RONALD ZINCONE PHOTOGRAPHY | My trek to capture the summer Milky Way at Arcadia

My trek to capture the summer Milky Way at Arcadia

July 19, 2018  •  Leave a Comment

Downeast Maine is home to the most beautiful National Park in the Northeast -- Arcadia National Park.  Located on Mount Desert Island, it encompasses most of Mount Desert Island, and several smaller islands, with a total of 47,452 acres of land. East of the Mississippi River, Acadia NP was the first National Park to have been established. Originally the park was named Sieur de Monts National Monument in 1916.

Arcadia is also one of the darkest sky sites in the northeast!  I had visited the area years ago and I was itching to go back and capture what I call "diamonds on velvet" starscapes and especially the summer Milky Way.  My first destination was Bass Harbor Light which is located in the southwest portion of Mount Desert Island and marks the entrance to Bass Harbor and Blue Hill Bay.  I had visited this spot years ago and it turned out to be my favorite spot because it was ideal for my astrophotography.

Finding a nice overlook area, I was able to view and capture images of the summer Milky Way, which was like milky thick clouds stretching across the sky and the celestial skyscape.  The spectacular southern portion of the milky way's sagittarius region and the teapot was very prominent over the Atlantic Ocean low in the southern sky.  The inky-black skies with protruding "diamonds on velvet" stars, constellations and planets were truly a sight to remember.  Mars was glowing at -2.5 mag and casting a golden glitter path across the water.  The sounds of the wildlife, the waves and the buoy bell as well as the historic Bass Harbor's red light turning and flashing once every four seconds made for a special moment where earth and sky connected and one of my most memorable astronomical and astrophotography experiences.

The automatic revolving and flashing of the Bass Harbor lighthouse "red light" allowed for painting of the landscape in "night vision astronomy red" and further enhanced my earth and sky images. The history of Bass Harbor Head Light dates to 1855, when it was determined that there was sufficient reason for a lighthouse at the mouth of Bass Harbor. In 1885, the U.S. Congress appropriated $5,000 for construction of the lighthouse. In 1876, construction was completed on a fog bell and tower, since removed. A much larger 4,000-pound (1800 kg) bell was placed inside the tower in 1898. The house of the lightkeeper remains in its original configuration with the exception of a 10-foot addition that was added in 1900. The lighthouse was added to the National Register of Historic Places as Bass Harbor Head Light Station on January 21, 1988, reference number 87002273.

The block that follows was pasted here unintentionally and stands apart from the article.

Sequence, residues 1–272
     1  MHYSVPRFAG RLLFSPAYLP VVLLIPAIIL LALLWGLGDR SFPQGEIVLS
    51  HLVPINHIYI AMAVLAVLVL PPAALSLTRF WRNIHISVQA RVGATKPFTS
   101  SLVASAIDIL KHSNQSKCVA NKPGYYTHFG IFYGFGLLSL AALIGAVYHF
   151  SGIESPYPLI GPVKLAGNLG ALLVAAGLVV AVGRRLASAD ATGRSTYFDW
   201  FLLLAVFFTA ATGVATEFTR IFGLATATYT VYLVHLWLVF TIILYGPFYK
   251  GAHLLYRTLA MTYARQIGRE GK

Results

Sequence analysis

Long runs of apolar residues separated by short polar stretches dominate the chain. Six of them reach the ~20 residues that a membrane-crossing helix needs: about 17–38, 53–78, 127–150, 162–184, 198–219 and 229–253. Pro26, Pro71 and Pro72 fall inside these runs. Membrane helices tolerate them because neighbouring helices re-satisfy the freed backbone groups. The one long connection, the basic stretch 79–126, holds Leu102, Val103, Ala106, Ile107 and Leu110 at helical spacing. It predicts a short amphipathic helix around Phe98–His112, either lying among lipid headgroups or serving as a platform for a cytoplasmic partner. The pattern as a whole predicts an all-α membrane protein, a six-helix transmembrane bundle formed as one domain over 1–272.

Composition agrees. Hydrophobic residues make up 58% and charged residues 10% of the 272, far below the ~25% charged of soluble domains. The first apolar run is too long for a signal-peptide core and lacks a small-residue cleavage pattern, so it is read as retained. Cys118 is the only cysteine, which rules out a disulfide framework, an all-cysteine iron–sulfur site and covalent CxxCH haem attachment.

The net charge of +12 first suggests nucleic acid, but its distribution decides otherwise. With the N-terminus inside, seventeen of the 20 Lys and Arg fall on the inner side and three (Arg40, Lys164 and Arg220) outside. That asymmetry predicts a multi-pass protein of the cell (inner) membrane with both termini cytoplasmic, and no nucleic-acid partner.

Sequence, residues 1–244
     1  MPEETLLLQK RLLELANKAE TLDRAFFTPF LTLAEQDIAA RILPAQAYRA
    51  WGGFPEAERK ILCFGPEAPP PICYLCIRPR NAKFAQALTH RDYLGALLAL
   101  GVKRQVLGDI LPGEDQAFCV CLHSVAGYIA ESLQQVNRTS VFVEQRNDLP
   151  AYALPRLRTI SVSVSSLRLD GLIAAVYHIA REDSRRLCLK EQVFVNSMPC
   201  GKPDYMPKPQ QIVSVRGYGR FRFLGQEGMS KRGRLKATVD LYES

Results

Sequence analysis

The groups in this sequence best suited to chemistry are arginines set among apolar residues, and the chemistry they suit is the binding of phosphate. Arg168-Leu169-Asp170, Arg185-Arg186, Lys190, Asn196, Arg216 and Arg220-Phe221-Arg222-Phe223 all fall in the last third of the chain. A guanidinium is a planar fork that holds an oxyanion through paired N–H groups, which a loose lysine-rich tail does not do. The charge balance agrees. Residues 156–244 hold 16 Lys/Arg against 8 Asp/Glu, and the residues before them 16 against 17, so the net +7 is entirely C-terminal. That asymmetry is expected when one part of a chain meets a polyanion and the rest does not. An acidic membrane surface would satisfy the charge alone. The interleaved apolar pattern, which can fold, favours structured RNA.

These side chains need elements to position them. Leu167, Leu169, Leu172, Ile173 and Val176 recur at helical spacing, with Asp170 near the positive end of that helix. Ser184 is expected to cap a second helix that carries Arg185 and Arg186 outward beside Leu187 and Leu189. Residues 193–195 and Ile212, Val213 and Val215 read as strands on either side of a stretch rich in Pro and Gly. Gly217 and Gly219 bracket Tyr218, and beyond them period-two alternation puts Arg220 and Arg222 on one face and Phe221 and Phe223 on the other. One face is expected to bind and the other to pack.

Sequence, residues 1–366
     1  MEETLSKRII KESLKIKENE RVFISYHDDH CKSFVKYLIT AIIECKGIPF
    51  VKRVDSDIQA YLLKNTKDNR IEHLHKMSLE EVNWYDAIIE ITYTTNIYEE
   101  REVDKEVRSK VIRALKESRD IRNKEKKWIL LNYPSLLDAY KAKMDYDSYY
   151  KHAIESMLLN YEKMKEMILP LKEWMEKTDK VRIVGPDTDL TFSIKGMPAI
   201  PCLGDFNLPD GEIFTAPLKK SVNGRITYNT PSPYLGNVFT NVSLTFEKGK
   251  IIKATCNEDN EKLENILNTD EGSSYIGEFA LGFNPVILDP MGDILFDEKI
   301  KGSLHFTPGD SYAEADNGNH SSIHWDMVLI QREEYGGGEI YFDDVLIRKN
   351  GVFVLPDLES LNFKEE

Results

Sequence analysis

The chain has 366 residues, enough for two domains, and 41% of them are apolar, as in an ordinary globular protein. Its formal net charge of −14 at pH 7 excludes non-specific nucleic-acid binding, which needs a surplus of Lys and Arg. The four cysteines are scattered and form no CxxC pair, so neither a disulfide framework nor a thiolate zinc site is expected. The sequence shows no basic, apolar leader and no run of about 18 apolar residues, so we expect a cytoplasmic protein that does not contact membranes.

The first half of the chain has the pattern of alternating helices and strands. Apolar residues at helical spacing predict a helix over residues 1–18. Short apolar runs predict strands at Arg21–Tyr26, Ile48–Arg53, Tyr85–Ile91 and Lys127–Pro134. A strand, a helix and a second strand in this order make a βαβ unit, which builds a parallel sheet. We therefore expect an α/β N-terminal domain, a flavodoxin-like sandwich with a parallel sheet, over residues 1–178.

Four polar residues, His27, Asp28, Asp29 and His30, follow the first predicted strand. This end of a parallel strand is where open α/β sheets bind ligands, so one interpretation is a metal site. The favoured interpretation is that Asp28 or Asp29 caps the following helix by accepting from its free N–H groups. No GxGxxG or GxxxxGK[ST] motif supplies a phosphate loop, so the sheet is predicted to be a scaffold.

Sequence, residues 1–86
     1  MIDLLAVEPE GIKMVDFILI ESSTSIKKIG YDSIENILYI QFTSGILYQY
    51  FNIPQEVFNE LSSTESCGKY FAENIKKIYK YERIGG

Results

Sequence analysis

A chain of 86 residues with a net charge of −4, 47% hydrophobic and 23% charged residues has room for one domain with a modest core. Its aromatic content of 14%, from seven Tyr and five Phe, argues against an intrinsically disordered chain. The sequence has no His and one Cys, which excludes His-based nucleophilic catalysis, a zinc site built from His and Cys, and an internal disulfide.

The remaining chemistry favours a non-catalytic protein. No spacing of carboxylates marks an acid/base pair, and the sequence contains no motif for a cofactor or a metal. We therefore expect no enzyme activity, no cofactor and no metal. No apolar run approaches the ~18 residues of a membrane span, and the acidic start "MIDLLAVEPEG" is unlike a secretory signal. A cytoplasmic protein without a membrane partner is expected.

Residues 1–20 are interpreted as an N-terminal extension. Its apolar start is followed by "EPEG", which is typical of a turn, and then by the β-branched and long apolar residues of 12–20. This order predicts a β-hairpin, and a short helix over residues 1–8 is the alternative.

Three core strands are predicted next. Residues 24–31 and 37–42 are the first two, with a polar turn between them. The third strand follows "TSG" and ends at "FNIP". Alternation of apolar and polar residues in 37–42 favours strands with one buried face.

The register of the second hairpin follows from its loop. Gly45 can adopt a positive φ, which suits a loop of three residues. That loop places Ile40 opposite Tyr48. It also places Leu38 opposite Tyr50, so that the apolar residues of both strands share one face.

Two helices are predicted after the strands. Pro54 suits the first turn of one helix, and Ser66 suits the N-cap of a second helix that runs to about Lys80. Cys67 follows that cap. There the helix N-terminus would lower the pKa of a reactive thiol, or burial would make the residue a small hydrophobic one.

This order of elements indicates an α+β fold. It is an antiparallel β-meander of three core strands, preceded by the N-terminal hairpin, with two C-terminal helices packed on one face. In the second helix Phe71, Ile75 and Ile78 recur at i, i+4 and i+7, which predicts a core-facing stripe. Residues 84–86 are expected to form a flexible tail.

In 1902, an oil storage house constructed of brick was built 205 feet northwest of the lighthouse.  Bass Harbor's fifth order Fresnel lens was replaced in 1902 with a larger fourth order. This lens was manufactured by the French company Henrey-Lepaute. This lens remains in service today.

I was also fortunate to meet a nice family from Fairfield, CT who had come down to my overlook spot at Bass Harbor Light.  After explaining to them my agenda for the night in which I would be camped out the entire night pursuing night-sky captures, they were intrigued and decided to hang out with me for an hour or two.  They had their teenage kids with them and I was more then happy to answer their questions and educate them on astronomy.  

My second night's destination was Otter Point Cliffs located at the southeastern region of Mount Desert Island.  After walking down several layers of stone steps, I found another nice overlook area perfect for my gear and camp out.  Once again, the view towards and overlooking the Atlantic Ocean at this altitude was amazing and I was able to connect the earth and sky with my eyes and through my astroimaging.  Here is some information about Otter Point Cliffs:

Otter Cliff, in Arcadia National Park, Maine, is one of the most spectacular sights along the North Atlantic Seaboard. On the east side of the Park Loop Road, about .7 miles past Thunder Hole, is the famous 110 foot high Otter Cliff - one of the highest Atlantic coastal headlands north of Rio de Janeiro. Just before Otter Cliff is a beautiful spot called Monument Cove. Right after this, the road begins to curve to the left. To the right is a small parking area with portable rest facilities. On the other side of the street is a path that leads to the cliff.

I plan on making this trek to Arcadia National Park on Mount Desert Island in Maine, yearly, and feel free to check in on my website at Ronald Zincone Photography to see my spectacular celestial images from Arcadia National Park!


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